Didnt you already ask this? workplace.stackexchange.com/questions/81224/… – Moo Dec 22 '16 at 15:37
  • There's more to the story now and I couldn't add – Johnnyd Dec 22 '16 at 15:48
  • You sound scared for your job more than really concerned about the "conflict of interest". Which, by the way, it is not. – Andieisme Dec 22 '16 at 16:36
2

I was honest and said the CEO and I had discussed this and quite frankly it seems like a really easy and logical idea given his experience however I did say I've did have some issues that I need to discuss with him in person and we should catch up to discuss them the following day

I think in this instance, I would have said here "Yes of course you would be strongly considered with your background. Apply through the JobSeek portal and we will setup an interview." By saying you have concerns, before he has even applied, has maybe in his mind indicated that he has no chance. With the history of his relationship with the CEO, it was fairly clear that they would talk.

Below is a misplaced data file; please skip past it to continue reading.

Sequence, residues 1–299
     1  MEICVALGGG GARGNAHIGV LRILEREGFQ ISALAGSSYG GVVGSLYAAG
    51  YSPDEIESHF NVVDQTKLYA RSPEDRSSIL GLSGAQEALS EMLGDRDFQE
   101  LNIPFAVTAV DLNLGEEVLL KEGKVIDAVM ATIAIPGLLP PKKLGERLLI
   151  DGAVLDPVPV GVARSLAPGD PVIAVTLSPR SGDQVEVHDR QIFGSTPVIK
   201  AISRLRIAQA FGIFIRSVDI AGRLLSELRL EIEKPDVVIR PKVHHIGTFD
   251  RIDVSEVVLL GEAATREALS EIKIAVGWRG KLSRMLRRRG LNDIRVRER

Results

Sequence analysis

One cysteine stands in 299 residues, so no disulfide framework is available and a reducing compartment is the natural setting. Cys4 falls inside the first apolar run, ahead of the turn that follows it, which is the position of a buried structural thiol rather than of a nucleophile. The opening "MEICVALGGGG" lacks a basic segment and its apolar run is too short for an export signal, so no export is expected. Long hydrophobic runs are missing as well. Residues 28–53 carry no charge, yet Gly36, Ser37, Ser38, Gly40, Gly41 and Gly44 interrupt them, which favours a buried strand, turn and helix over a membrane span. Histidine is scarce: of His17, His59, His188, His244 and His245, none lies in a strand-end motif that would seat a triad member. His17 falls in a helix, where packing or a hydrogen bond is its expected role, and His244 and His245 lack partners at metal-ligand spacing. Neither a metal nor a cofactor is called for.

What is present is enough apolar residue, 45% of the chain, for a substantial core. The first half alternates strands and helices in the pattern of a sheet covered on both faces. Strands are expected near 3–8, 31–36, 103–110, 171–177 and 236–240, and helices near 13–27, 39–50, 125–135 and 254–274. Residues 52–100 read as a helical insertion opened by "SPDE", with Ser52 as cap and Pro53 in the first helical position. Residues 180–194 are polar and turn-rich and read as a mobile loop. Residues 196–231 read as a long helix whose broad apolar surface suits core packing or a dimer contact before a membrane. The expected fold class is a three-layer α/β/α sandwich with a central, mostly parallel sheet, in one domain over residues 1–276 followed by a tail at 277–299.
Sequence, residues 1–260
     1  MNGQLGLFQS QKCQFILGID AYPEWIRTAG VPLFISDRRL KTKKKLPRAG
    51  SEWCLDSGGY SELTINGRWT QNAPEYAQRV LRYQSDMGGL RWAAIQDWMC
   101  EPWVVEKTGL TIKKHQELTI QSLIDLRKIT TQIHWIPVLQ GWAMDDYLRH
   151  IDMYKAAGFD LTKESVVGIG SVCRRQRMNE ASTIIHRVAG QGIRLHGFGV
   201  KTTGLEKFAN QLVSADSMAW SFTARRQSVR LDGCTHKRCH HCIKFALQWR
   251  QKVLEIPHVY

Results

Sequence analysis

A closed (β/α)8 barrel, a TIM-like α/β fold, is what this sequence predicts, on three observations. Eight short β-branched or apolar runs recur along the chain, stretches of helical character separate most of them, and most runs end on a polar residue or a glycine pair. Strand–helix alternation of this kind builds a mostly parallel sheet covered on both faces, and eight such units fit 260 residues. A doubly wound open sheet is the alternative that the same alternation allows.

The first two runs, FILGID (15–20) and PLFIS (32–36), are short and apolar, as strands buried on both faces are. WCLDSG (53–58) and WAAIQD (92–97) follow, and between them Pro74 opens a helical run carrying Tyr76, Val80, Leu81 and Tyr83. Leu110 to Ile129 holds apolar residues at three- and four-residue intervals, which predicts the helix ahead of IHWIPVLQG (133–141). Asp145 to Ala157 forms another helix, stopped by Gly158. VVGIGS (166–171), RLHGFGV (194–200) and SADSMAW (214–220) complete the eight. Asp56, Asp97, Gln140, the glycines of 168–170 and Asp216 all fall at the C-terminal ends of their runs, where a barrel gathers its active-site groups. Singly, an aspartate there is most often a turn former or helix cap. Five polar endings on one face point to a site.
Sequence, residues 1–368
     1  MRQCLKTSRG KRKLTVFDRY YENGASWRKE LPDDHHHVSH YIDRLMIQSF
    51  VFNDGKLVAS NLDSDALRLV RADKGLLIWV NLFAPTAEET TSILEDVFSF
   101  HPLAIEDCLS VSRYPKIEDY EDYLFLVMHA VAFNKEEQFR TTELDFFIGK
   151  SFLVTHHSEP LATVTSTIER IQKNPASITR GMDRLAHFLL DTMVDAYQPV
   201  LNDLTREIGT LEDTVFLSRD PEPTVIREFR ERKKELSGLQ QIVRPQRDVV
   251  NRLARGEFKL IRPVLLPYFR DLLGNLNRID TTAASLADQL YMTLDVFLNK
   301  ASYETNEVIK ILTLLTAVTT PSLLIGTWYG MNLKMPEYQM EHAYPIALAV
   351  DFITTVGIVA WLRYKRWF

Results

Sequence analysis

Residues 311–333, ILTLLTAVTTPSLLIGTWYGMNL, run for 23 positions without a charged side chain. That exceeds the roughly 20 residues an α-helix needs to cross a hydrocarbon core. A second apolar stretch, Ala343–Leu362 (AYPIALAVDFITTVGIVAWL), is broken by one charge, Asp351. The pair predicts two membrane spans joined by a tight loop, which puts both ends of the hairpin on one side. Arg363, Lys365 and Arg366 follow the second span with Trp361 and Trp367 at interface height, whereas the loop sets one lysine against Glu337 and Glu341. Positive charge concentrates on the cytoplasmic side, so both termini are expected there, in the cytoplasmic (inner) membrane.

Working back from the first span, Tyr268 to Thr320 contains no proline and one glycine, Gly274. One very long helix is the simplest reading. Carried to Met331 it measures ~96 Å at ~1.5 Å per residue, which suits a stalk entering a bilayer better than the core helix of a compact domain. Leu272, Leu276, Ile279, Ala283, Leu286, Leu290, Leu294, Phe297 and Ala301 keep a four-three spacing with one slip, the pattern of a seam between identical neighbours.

I know this isn't the main area of concern, but thought I would note it as it may come up again.

Regarding the ex-employee:

I think you shoud tell him to apply. He is clearly qualified for the job. Tell him that in the interview that you two can go through any concerns/issues etc. Interviewing ex-employees is always going to be different to interviewing a new candidate, give yourself the time to properly prepare and struture the interview, so you can make an informed decision.

Regarding the CEO:

You have three options in my opinion:

  1. Find a new job. If you think that the trust between you two is gone, then it puts you in a weak and tough position. You'll get to a point where you either feel you have to employ the ex-employee back, or you'll choose someone else and be overruled by the CEO. Or if not, this will always be a stick to be beaten with. Imagine if your choice didn't work out for whatever reason?